Ah, it’s that time. The first swim meet. It’s easy to look back at the good old days, where expectations were low and we were just happy that the kids made it from one side of the pool to the other. Many new swim team parents enter the world of competitive swimming, with no point of reference of what to expect. What they’re expecting is often far different than their first swim team experience…
What swim team parents expect at first swim meet
You wake up early, eat breakfast with the family and then head to the pool. There are lots of nerves in the car, but everyone is happy, excited for the new experience.
While your child warms up to prepare to swim, you find a comfy spot in the spectator area. Thankfully, there’s lots of leg space, so you can spread out and get comfortable. While waiting for the warm up to end, you text your friends, sort out some work. How long would it take for your child to be ready?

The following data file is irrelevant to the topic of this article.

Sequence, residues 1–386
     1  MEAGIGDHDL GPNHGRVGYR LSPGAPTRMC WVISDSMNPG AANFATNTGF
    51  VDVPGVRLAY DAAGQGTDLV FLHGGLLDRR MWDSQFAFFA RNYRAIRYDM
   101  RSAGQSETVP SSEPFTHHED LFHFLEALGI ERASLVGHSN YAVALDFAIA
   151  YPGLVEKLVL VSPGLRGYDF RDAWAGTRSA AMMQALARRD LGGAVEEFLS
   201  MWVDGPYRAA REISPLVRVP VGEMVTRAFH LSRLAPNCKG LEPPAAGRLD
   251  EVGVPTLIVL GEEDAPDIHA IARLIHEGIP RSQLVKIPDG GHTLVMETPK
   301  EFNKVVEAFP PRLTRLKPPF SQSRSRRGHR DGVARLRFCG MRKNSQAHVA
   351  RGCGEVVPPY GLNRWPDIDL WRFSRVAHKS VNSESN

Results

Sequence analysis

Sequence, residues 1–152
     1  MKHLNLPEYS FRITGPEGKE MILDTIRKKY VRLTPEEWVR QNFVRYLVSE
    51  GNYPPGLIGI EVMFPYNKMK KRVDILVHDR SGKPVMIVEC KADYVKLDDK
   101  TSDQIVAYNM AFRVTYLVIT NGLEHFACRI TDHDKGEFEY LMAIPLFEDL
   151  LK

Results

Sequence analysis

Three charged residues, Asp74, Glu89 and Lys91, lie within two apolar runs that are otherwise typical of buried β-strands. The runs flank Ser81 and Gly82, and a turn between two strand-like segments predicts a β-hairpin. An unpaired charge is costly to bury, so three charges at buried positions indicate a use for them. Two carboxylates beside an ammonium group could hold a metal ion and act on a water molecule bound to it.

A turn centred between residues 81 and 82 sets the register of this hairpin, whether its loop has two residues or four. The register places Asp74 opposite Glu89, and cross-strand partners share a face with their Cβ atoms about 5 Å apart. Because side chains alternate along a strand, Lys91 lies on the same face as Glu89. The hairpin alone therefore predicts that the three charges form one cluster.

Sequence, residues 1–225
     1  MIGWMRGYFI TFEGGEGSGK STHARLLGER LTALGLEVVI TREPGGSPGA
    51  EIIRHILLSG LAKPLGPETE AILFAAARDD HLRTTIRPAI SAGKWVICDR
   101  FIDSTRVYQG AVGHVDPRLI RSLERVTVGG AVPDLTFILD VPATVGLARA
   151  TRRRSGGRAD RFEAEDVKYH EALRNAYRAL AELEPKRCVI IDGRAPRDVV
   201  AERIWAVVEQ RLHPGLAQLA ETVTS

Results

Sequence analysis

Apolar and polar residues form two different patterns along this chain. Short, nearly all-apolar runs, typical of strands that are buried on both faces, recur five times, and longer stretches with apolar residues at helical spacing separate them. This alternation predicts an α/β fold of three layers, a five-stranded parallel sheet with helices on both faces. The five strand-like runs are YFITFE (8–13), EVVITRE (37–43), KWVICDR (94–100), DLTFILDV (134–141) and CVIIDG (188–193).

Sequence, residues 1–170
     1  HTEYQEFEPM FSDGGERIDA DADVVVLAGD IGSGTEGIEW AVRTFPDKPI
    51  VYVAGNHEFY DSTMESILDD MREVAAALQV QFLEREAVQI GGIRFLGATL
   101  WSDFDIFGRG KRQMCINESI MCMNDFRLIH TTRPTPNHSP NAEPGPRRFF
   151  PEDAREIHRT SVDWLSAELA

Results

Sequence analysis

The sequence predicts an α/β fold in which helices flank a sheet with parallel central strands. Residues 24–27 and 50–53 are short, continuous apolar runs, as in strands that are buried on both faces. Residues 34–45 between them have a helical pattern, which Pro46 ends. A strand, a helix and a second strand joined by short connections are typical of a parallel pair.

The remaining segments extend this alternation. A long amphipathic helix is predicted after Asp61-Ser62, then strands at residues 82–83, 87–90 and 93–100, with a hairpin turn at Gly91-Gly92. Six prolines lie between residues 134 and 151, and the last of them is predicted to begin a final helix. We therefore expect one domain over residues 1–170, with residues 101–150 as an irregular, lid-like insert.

About 30 minutes later, your child walks up behind the blocks and searches for you in the crowd, you can’t help but beam with pride.
The starter blows the whistle, and they shoot off like a rocket and swim a fast length of the pool, touching the wall first. Your child jumps out of the water gleefully, ready for their next race which they also win.
When both races are finished, your child quickly collects all their belongings and you leave quickly - you weren’t there for longer than an hour, and you get to go back home and catch-up on work, and texting your friends! It was a successful day!
What swim meets are really like
When you arrive at a swim meet, your child may be after a few more children and not be the first to swim, which can lead to a long time waiting. After scanning the heat sheet, you may realise there are five pages before your child will even reach the water. Be prepared for a long wait. Heat 2 is in the water and your child is in heat 4. They should be getting their goggles on soon, but they’re just standing there.